3. Pregnant and lactating women should ensure an intake of 300 mg per day of docosahexaenoic acid (DHA) which is found abundantly in fish oil.

    4. Intake of trans fatty acids should be avoided. Trans fatty acids are found in hydrogenated and partially hydrogenated oils such as margarine and in high temperature cooking such as reused frying oils. Except for dairy products, trans fatty acids are not naturally found in foods.

    5. Intake of saturated fats?which are found abundantly in foods such as beef, pork and butter?should not exceed 8 percent of calories.

    6. The majority of fatty acids should be obtained from monounsaturates which are found abundantly in olive oil and canola oil.

    Hobbs: Was stearic acid separated from other saturated fatty acids as far as recommended intake?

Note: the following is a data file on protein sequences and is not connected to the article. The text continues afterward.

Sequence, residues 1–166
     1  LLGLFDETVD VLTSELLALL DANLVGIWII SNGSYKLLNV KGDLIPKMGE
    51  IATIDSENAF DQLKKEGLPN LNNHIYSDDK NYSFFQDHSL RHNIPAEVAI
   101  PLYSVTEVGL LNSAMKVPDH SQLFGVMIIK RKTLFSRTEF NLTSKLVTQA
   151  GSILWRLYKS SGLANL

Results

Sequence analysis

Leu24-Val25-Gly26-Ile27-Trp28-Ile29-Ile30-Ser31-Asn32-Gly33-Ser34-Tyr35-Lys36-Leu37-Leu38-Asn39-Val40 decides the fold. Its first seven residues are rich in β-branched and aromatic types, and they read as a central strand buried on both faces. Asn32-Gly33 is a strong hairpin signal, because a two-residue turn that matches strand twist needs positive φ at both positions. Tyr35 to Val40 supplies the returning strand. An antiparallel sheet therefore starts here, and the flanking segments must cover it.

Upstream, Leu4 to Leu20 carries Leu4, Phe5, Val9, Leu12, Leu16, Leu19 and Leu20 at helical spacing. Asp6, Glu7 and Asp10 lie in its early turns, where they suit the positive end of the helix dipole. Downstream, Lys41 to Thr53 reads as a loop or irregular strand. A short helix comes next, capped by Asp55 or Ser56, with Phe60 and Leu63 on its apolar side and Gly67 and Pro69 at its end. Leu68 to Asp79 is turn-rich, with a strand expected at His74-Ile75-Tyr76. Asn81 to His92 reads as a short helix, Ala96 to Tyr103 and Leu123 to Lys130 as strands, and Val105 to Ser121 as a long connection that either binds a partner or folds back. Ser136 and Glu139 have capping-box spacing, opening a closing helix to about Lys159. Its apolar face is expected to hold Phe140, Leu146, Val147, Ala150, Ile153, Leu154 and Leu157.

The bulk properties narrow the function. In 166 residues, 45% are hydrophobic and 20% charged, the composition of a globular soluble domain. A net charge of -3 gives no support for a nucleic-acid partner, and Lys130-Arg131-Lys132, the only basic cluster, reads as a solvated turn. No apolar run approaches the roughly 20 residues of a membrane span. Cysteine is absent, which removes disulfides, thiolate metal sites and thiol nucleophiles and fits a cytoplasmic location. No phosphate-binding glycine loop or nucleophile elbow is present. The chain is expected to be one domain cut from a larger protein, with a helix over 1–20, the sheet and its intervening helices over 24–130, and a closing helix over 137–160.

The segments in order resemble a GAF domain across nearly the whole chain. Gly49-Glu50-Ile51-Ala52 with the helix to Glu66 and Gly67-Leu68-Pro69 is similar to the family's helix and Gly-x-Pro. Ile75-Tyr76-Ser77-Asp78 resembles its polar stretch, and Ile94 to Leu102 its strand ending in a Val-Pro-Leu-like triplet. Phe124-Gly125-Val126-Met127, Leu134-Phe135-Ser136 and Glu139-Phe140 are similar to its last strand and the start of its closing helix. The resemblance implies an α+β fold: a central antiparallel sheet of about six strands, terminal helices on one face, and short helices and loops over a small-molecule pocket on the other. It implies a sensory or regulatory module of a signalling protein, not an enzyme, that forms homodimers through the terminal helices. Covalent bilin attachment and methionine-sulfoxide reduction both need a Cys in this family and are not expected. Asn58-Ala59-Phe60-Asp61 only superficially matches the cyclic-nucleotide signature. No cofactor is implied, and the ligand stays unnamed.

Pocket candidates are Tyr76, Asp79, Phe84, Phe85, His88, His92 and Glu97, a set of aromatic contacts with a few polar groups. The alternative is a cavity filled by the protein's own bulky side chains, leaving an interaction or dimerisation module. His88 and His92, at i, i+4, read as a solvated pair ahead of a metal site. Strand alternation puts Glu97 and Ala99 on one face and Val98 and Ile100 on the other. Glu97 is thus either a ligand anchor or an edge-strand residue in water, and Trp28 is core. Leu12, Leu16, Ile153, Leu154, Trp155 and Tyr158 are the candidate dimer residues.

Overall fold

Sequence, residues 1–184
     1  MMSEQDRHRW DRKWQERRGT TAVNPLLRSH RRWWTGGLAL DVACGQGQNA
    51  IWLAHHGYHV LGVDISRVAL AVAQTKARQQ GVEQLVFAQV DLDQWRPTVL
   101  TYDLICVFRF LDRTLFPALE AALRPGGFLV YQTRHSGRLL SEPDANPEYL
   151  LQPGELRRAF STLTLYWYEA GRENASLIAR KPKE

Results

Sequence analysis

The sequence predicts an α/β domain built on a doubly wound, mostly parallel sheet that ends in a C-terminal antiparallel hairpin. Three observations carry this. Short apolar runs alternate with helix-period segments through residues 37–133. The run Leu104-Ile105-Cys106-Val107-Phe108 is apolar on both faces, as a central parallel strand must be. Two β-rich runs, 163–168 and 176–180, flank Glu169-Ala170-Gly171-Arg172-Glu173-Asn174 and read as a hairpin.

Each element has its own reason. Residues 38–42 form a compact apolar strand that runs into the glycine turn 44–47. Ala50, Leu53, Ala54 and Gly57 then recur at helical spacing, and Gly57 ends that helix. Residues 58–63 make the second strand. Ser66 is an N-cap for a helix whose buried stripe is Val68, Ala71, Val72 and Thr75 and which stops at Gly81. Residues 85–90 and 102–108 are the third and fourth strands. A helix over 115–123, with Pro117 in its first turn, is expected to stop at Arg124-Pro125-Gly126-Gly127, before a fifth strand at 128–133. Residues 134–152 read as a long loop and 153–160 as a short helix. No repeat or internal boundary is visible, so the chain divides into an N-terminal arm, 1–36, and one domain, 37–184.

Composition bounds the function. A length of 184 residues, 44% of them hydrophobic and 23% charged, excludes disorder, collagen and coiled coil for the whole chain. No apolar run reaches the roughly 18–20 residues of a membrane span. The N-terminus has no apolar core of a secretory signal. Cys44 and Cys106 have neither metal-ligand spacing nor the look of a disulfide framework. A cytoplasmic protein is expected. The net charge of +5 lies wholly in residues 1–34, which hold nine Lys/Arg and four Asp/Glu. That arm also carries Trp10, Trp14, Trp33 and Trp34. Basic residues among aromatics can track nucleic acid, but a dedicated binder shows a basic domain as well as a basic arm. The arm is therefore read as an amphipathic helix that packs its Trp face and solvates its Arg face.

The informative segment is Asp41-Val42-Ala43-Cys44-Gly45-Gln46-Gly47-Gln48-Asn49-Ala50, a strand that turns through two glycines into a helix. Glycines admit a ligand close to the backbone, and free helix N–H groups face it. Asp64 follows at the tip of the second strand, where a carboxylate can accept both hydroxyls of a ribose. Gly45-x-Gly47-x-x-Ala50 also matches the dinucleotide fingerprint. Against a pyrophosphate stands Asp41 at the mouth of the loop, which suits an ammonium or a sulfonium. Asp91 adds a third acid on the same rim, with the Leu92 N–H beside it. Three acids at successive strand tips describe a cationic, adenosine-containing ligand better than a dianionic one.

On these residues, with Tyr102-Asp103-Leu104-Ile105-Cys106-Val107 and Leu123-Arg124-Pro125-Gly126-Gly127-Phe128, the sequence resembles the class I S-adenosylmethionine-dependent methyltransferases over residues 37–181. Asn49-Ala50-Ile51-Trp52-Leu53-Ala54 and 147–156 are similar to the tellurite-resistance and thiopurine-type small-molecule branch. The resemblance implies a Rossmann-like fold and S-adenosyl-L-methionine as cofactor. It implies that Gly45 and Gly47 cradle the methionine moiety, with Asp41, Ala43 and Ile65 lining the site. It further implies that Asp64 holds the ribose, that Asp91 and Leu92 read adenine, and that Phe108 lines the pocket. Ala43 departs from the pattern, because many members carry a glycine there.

Simopoulos: No, it was not. Stearic acid tends to be found in foods along with the other saturated fatty acids?palmitic acid, lauric acid and myristic acid. Therefore one recommendation was made for all of the saturated fatty acids combined?that they should not exceed 8 percent of calories.

    Hobbs: What are the effects of omega-3 fatty acids found in fish oil and flax oil that you have written so much about?

    Simopoulos: Animal and human studies show that omega-3 fatty acids lead to decreases in body fat and eventually weight loss. The ratio of omega-6 fatty acids to omega-3 fatty acids is also very important.

    Hobbs: How so?

    Simopoulos: There is an increase in insulin resistance and the prevalence of diabetes as the ratio of omega-6-to-omega-3 increases above 4-to-1.

    Hobbs: What is the ratio in the typical American diet?